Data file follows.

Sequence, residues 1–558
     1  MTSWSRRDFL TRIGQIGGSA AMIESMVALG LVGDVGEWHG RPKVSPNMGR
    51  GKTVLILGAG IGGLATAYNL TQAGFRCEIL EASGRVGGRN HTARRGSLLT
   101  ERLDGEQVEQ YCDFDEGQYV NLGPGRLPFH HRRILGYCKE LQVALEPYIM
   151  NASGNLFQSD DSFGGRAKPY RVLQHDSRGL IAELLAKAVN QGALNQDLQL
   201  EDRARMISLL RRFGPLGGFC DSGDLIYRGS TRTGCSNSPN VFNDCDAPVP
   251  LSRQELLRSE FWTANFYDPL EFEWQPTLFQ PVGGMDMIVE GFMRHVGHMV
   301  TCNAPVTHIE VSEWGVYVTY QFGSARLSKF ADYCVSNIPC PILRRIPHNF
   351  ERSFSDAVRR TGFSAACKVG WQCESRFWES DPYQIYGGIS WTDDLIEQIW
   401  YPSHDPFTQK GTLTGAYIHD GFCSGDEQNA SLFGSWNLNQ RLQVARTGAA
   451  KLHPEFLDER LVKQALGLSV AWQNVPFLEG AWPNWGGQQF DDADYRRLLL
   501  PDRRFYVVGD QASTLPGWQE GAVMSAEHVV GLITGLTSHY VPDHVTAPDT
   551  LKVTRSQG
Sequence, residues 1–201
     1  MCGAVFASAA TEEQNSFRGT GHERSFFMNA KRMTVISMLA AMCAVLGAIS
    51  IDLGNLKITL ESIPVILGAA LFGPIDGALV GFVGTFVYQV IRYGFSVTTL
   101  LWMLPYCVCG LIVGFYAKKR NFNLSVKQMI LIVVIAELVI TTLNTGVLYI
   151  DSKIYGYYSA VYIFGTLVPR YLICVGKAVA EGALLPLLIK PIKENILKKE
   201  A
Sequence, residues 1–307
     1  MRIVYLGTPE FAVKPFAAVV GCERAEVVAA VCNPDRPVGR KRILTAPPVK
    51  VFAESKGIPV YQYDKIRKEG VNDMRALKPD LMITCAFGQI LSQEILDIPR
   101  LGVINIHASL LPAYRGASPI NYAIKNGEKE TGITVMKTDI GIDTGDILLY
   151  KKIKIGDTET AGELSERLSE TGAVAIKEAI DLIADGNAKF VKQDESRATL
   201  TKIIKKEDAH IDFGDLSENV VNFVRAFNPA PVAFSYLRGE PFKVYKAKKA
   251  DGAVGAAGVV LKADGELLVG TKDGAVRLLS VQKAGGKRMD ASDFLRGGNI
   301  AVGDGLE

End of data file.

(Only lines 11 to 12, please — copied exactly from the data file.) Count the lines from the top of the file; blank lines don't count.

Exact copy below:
   451  KLHPEFLDER LVKQALGLSV AWQNVPFLEG AWPNWGGQQF DDADYRRLLL
   501  PDRRFYVVGD QASTLPGWQE GAVMSAEHVV GLITGLTSHY VPDHVTAPDT